Investment Treaties: The Reform Matrix

Author/s (editor/s):

Anthea Roberts

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Publication type:

Journal article

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This essay proposes a matrix for understanding the dynamics of investment treaty reform. It tracks incremental, systemic, and paradigmatic reform options as applied across procedure, substance, and form. Although stylized and thus unable to capture all the nuances of individual positions, the reform matrix creates a framework for understanding some of the main debates about investment treaty reforms and offers a template for locating and comparing the approaches of key international actors, including the United States, the European Union, and Japan, together with Brazil, Russia, India, China, and South Africa (the BRICS). The bilateral investment treaties (BITs) of major Western states can be roughly divided into two generations. First-generation treaties from the 1990s and earlier (BITs 1.0) typically included strong investor protections and binding investor-state arbitration. A series of cases against the states that entered these treaties forced them to recalibrate, leading to a second generation of treaties from the mid-2000s onward (BITs 2.0) that aim at striking a better balance between investor protection and state sovereignty, while retaining investor-state arbitration. However, the Western powers that have adopted these treaties are now split on various issues, most notably the merits of establishing a multilateral investment court. In light of these divisions and the growing economic importance of the BRICS, it is worth asking where the BRICS fit in this story and which investment practices and reform proposals they support or are likely to support. As this symposium demonstrates, as regards their treaty practice trajectories and reform positions, the BRICS often differ significantly not only from major Western powers, but also from each other. Given the disaggregation of international power and the varying preferences of key actors both within and outside the West, the most likely outcome is a pluralist one encompassing the coexistence of multiple approaches to procedure, substance, and form.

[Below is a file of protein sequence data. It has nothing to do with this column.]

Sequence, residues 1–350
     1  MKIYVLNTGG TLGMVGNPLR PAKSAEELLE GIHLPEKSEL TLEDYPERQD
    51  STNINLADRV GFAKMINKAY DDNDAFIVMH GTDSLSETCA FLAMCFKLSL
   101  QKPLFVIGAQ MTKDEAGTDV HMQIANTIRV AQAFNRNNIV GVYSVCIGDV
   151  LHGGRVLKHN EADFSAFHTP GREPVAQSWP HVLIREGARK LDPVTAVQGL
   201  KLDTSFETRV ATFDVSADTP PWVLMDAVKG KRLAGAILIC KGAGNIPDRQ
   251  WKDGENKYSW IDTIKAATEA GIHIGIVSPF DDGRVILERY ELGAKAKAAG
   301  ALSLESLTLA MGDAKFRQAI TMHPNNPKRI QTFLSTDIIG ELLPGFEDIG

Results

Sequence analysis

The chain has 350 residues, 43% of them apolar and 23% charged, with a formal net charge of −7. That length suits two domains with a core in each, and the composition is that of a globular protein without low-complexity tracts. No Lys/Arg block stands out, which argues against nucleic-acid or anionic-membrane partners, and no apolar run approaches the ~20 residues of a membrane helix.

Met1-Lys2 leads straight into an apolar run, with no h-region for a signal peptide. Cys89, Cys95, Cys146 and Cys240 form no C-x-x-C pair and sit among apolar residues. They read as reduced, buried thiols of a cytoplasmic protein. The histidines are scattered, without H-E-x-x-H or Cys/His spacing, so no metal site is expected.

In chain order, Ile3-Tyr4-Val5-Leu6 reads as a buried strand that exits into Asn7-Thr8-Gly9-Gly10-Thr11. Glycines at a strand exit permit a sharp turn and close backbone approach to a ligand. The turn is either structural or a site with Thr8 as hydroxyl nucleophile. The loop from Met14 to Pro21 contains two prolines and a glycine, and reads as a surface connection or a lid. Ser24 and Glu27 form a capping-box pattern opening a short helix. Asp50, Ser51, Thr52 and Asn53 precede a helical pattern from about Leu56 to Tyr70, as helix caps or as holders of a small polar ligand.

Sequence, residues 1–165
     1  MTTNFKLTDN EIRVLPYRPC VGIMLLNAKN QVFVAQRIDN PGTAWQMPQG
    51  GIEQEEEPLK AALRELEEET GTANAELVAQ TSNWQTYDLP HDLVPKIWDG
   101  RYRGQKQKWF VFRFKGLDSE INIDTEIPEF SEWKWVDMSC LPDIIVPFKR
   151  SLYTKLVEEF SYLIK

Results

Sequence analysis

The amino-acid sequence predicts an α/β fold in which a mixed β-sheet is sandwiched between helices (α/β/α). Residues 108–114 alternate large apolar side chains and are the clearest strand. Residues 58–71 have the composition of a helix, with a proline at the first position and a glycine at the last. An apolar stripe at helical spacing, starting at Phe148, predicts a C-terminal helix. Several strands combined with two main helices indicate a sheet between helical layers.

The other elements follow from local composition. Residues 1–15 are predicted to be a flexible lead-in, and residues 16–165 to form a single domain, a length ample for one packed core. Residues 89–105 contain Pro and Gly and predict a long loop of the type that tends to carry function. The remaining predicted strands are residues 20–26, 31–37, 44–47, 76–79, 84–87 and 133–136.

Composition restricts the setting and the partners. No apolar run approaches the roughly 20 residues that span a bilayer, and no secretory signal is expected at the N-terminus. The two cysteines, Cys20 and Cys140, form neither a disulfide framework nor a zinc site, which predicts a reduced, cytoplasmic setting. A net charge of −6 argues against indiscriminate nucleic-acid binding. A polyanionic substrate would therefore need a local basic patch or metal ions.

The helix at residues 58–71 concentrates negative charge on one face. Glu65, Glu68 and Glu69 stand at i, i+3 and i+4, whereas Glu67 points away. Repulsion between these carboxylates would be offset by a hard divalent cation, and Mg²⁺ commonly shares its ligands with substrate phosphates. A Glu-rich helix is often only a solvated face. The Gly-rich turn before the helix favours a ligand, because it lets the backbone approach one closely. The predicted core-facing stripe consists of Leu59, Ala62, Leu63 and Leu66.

Cite the publication as

Roberts, Anthea. AJIL Unbound; Washington Vol. 112, (2018): 191-196. DOI:10.1017/aju.2018.61

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